One of the aims of The Twelve-Factor App is to reduce the difference between development and production and Testcontainers are a great way to start the exact external services needed for Spring Boot integration tests.

However, the existing JUnit 5 Spring Boot integration for Testcontainers comes with a number of downsides. We’ll briefly discuss these and a way to solve them using a ContextCustomizerFactory.

Working sources for the examples below can be found at mpkorstanje/blog-spring-boot-test-containers.

The Downsides

The Spring documentation suggests using Testcontainers’ in combination with @DynamicPropertySource.

@Slf4j
@SpringBootTest
@Testcontainers
class DemoApplicationTest {

    static final DockerImageName image = DockerImageName
            .parse("postgres")
            .withTag("14.1");

    @Container
    static final PostgreSQLContainer<?> postgresContainer = new PostgreSQLContainer<>(image);

    @DynamicPropertySource
    static void properties(DynamicPropertyRegistry registry) {
        registry.add("spring.datasource.url", postgresContainer::getJdbcUrl);
        registry.add("spring.datasource.username", postgresContainer::getUsername);
        registry.add("spring.datasource.password", postgresContainer::getPassword);
    }

    @Test
    void contextLoads() {
        log.info("Hello world");
    }

}

Many applications have more than one integration test and when multiple integration test classes are involved this setup has several downsides:

  1. The Testcontainers JUnit 5 extension will start a new test container for each integration test class. Because containers can be relatively slow to start, this can slow down tests significantly.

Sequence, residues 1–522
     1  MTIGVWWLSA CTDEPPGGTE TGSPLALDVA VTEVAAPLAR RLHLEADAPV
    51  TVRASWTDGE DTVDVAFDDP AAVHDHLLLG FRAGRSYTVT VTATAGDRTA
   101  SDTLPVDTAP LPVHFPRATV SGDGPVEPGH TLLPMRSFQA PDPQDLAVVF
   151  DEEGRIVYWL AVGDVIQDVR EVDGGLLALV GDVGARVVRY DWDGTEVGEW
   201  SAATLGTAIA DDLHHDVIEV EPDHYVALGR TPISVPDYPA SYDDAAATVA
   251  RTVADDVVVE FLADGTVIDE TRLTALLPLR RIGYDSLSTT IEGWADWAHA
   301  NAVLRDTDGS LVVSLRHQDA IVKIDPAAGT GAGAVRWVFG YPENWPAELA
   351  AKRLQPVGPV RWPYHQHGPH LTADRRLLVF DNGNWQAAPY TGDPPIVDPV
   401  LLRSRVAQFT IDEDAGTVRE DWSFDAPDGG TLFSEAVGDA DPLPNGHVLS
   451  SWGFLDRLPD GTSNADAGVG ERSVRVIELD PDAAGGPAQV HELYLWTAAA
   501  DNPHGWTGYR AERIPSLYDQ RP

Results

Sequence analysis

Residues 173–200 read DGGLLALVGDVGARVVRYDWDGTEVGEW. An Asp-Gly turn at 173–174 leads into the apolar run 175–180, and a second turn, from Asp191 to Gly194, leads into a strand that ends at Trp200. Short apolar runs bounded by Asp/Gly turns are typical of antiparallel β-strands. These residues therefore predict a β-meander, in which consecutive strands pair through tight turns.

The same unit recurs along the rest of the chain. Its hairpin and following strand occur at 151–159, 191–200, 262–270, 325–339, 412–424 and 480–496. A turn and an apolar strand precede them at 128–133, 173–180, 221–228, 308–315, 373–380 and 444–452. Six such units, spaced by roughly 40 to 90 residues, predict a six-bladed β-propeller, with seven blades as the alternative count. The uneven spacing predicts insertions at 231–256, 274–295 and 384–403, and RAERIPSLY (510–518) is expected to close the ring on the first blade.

2. The @DynamicPropertySource will be different for each class. As a result a new application context will be started for each test class. Application context are also slow to start.

  3. If you use @DynamicPropertySource in a base class, because the Testcontainers extension will start a new test container for each test class the use of @DirtiesContext is required, resulting in a restart of the application context. This is also slow.

This can be observed by duplicating the test class and observing the log when running the tests:

[main] 🐳 [postgres:14.1]                       : Container postgres:14.1 started in PT1.683591943S
[main] c.l.demo.DemoApplicationTest             : Started DemoApplicationTest in 2.502 seconds (JVM running for 6.454)
[main] c.l.demo.DemoApplicationTest             : Hello world
...
[main] 🐳 [postgres:14.1]                       : Container postgres:14.1 started in PT1.446961288S
[main] c.l.demo.DemoApplication2Test            : Started DemoApplication2Test in 0.36 seconds (JVM running for 8.923)
[main] c.l.demo.DemoApplication2Test            : Hello world

Yet there is no need to start the test container or application context twice. Integration tests can often be executed using the same application context and when sufficiently unique identifiers are used often against the same database. So ideally we would create a test container instance for each application context.

.withReuse is not a solution

Testcontainers does provide the option not to reuse a container with .withReuse(true):

	@Container
	static final PostgreSQLContainer<?> postgresContainer = new PostgreSQLContainer<>(image)
			.withReuse(true);

This will not terminate the container after the JVM exits. This results in the reuse of the same container for every test using that image, including those from other projects. To prevent tests from interfering with each other this requires cleaning the database before every test. This is less than ideal as we can no longer leverage database migration tools such as Flyway to create the database schema when starting the application context.